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In Rod we trust
By Caroline Fontein
Rod Stewart’s hair is as timeless as his music. After more than five decades of performing, the legendary British rocker can still swing his hair back and forth to make hordes of women flock to the front of the stage at his shows, and they do.
His new show in Vegas at the Colosseum at Caesars Palace showcases Stewart, 66, belting out his greatest hit songs in his distinctive raspy voice. A live band and three back-up singers and dancers join him on stage as he performs “Maggie May,” “Tonight’s the Night (Gonna Be Alright),” “I Don’t Want to Talk About It” and other well-known numbers. A large video screen displaying various projected images and video clips creates the backdrop for Stewart and his band.
For “Hot Legs” Stewart shows off not only his dance moves but his aptitude as a soccer player. Throughout the song he kicks soccer balls into an eager audience scrambling to catch them. Soccer or football, as it’s referred to outside of the United States, was Stewart’s first career choice. After a brief stint with a third division soccer club when he was 15, Stewart changed paths and decided to pursue music. He continues to be a big football fan today.
Throughout his career Stewart has sold more than 100 million records worldwide, making him one of the best-selling recording artists of all time. In 1994 he was inducted into the Rock and Roll Hall of Fame.
Stewart started his career playing in several bands around England before finding his first taste of stardom with the Jeff Beck Group in 1966.
When the group disbanded in 1969, Stewart and guitarist Ron Wood joined the group Faces. Though he remained with Faces until 1975, Stewart began a solo career in late 1969 with "The Rod Stewart Album."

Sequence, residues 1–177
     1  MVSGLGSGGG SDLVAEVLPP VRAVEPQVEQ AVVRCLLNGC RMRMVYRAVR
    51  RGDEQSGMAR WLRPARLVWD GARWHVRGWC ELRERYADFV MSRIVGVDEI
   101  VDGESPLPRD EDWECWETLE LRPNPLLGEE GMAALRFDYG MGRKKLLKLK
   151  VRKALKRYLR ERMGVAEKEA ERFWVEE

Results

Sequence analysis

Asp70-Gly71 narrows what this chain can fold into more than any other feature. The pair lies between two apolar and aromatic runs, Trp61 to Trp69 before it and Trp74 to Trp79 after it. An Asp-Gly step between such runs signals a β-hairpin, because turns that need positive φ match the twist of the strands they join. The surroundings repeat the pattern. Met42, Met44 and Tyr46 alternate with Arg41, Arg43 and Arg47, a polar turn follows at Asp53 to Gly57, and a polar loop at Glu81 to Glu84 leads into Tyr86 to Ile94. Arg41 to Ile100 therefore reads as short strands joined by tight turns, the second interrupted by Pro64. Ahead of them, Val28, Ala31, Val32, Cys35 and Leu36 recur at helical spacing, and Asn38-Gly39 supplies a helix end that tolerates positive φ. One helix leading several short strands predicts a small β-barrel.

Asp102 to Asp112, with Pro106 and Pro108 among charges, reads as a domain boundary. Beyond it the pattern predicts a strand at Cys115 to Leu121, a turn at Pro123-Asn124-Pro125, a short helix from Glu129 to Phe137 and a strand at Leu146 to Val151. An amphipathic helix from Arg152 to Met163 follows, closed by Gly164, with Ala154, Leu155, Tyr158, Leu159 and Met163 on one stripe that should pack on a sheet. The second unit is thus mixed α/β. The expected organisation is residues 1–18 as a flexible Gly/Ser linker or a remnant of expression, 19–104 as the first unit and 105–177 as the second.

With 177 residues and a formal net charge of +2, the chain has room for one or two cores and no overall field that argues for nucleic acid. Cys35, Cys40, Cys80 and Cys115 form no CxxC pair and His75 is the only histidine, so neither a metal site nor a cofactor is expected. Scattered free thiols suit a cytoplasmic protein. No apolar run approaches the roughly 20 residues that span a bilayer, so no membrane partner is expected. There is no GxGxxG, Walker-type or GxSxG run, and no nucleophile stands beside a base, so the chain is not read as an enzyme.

His third solo album, "Every Picture Tells a Story," is what made Stewart a household name. "Reason to Believe" was the first single from the album, but when DJs began playing the B-side, "Maggie May," the single became a huge hit.
A steady stream of hit records followed over the next decade including "Tonight's the Night," "Da Ya Think I'm Sexy?" and "Tonight I'm Yours."
The early '80s were quiet for Stewart but he rebounded with 1988's "Out of Order." His version of "Downtown Train," taken from the 1989 four-disc box set "Storyteller," continued his comeback streak.
Stewart reunited with Wood to record an MTV Unplugged concert in 1993 and the accompanying album launched the hit single, "Have I Told You Lately." "Unplugged" also returned Stewart to a more acoustic-based sound.
In 2002, Stewart recorded "It Had to Be You...The Great American Songbook," an album featuring covers of some of the great American pop songs of the pre-rock era.
"As Time Goes By" followed it into the charts in 2003 and in 2004, the third volume in the series, "Stardust," hit No. 1. "Thanks for the Memory" became the fourth entry in the series in 2005.
In 2006, Stewart continued his series of cover albums, but this time he focused on rock. "Still the Same: Great Rock Classics of Our Time" featured a version of Creedence Clearwater Revival's "Have You Ever Seen the Rain" as the first single.
Stewart’s music may have changed over the years, but he’s always maintained some variation of his signature spiky hairstyle. He adopted this look when he was 18 as part of the Mod lifestyle that originated in London in the late ’50s. His hair has become so iconic that Stewart’s face isn’t even featured on billboards for his new show in Vegas. Instead, the advertisements feature a backside shot of the performer’s head and his wild hair to promote his shows.
Whether it’s the man behind the music or the hair on top of his head, there’s something magnetic about Stewart that fans just can’t seem to get enough of. More than just the song lyrics, Stewart is living proof that “Some Guys Have All the Luck.”
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